Editor’s Note: Some time ago, a Premium Member wrote in to ask if we could update an article we ran in 2011 in which a couple of us on the RBR Crew provided a quick rundown of our favorite tires, and why we liked them.
It was an excellent idea. So good, in fact, that I immediately decided to make it a regular feature – providing a rundown from RBR Contributors on our favorites across the spectrum of components, nutrition, clothing, accessories, you name it. We started a while back with our favorite tires, and today we’ll pick up the series with our favorite pedals.
(Note that for the sake of scope, we’ve kept our choices mostly to what we ride on – or how we equip – our “everyday” or “most-ridden” bikes. Some of us wax on more than others, and some include bikes other than our road bikes.) I’m committed to making this a regular series and will plan to run a different “favorite” each week for the next several.
We also want to hear from readers on your favorites! Join in the fun either by commenting below the Newsletter version of this article or using the form at Tell Us About Your: Favorites (you can always find it in the Talk to RBR section on every page of the site.) We’ll gather up your submissions and run them as a follow-up to this article (and future RBR Favorites pieces).
Enjoy, and let us hear from you about your own Favorites.
– John Marsh
On my road bikes, which see most of the miles I log, I’ve been using Look Keo Classic and Carbon pedals for so long I can’t remember the first pair I bought (I have ridden with be don’t own any Keo Blades). It was an easy choice for me to go with Looks because they’ve worked well for me since my first pair in 1985. Those pedals were one of the first pair of ski-binding-design clipless pedals in the USA, hand-delivered by none other than Bernard Hinault for the official USA launch of the pedals back then. Even with those debut pedals, entry and exit was smooth, easy and positive, and power transfer exceptional. Modern Keos provide the same great performance plus are lighter, lower-profile and even more durable than the originals. Also, regardless of which price-point Keos you choose, you get the same sweet connection.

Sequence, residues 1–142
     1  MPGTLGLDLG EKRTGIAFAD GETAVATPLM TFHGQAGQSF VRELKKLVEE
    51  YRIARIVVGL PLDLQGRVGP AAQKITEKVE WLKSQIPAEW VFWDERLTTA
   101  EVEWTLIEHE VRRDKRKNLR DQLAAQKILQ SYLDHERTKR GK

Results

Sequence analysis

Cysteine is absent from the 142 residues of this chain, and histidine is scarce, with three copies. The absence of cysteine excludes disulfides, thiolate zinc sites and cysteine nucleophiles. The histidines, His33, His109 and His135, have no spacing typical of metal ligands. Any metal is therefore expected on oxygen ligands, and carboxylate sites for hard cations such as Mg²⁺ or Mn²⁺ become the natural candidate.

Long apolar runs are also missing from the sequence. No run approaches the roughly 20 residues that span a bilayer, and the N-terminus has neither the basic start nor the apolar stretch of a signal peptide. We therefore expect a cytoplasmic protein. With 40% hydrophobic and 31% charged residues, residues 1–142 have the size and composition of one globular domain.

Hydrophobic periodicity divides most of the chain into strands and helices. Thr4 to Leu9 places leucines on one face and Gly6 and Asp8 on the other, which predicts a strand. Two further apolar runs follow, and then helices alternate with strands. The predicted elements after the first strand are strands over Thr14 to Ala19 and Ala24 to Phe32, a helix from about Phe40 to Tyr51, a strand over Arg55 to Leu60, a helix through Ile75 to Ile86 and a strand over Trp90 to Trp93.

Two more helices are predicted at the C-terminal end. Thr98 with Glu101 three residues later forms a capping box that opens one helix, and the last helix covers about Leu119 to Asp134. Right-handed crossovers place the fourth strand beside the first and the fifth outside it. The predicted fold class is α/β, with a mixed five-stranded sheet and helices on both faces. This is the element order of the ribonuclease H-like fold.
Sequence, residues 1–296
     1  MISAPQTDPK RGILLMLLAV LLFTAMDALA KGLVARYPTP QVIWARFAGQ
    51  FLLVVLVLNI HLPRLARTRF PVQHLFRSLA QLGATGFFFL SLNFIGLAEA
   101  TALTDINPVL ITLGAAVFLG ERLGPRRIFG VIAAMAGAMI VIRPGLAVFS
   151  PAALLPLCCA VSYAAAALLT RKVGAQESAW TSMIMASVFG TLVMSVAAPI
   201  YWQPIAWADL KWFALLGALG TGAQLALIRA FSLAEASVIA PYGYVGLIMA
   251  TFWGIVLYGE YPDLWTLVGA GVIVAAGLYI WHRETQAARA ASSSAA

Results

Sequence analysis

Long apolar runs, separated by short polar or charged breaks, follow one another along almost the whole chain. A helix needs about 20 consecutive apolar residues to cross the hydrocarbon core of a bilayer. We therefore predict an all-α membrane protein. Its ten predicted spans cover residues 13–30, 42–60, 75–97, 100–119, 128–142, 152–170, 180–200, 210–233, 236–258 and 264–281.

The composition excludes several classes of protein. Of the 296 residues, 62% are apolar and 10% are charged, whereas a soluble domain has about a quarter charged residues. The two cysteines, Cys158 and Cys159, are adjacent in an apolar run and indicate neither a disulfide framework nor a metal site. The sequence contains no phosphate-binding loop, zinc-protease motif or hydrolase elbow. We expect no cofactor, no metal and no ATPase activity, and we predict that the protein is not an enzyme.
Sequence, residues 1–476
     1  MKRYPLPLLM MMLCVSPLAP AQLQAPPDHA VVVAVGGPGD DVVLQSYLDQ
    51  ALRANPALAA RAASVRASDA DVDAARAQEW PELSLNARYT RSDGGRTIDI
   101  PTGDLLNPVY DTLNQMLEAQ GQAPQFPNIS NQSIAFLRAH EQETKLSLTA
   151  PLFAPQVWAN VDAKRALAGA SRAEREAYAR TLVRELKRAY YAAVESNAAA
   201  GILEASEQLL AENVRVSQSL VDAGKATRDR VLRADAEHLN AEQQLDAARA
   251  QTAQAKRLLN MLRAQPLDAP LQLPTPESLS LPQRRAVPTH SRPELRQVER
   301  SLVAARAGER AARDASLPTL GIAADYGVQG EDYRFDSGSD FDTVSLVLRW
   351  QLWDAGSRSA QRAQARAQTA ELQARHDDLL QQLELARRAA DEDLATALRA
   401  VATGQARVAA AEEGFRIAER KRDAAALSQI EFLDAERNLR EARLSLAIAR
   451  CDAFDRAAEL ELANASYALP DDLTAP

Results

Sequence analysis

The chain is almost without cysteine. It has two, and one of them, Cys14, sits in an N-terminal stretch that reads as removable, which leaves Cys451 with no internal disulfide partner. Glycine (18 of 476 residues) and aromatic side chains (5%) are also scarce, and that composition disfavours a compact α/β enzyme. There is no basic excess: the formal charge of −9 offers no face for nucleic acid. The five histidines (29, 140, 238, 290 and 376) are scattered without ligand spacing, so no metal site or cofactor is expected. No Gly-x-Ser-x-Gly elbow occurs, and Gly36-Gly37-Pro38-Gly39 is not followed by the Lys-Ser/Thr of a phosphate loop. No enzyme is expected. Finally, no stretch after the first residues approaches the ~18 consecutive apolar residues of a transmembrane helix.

Coach John Hughes
I’ve always been an ultra racer and tourist, never a road racer. My shortest race was 300 miles. I choose equipment based on comfort, functionality and reliability.
Because of that, I use SPD pedals with MTB shoes; it’s a combination that makes it easy to walk around in.
For my first decade of road riding I used Shimano SPD-SL pedals. Then, after reviewing a pair, I switched to Look KEO-compatible Sampson carbon pedals, which could use any Look KEO cleats (I prefer the “walkable” version, with rubber tips on the 3 corners for better grip while walking). Last summer I decided to try a pair of Look KEO Blade carbon pedals, which allow me to continue using the same cleats I’ve grown accustomed to.
Next Week in RBR Favorites: The Helmets we Wear
I spent my first six years on Shimano SPD pedals (mountain bike pedals) because they came on the used road bike I bought and as a broke college student I couldn’t afford any upgrades. When those pedals finally wore out I bought Shimano SPD-SL road pedals because everyone I rode with used them with no complaints. I went with the 105 SPD-SL’s because it seemed to be the sweet spot of price and weight. Ultegra was significantly more expensive with only a small weight savings.
I learned how to click in efficiently in a couple days and have no complaints about the pedals, the single-sided entry is not an issue at all. The wider platform of the SPD-SL pedals is noticeable and feels much more stable on the road. Living in the Pacific Northwest I have two main bikes that each see about equal riding time, a summer bike and a rain bike. The rain bike has the older alloy 105 SPD-SL pedals and the summer bike has the newer 105 carbon body.
Coach Rick Schultz
Shimano all the way around – Shimano road pedals on my two road bikes (SPD-SL), Shimano flat pedals on my fat tire bike and Shimano SPD MTB on my cross bike.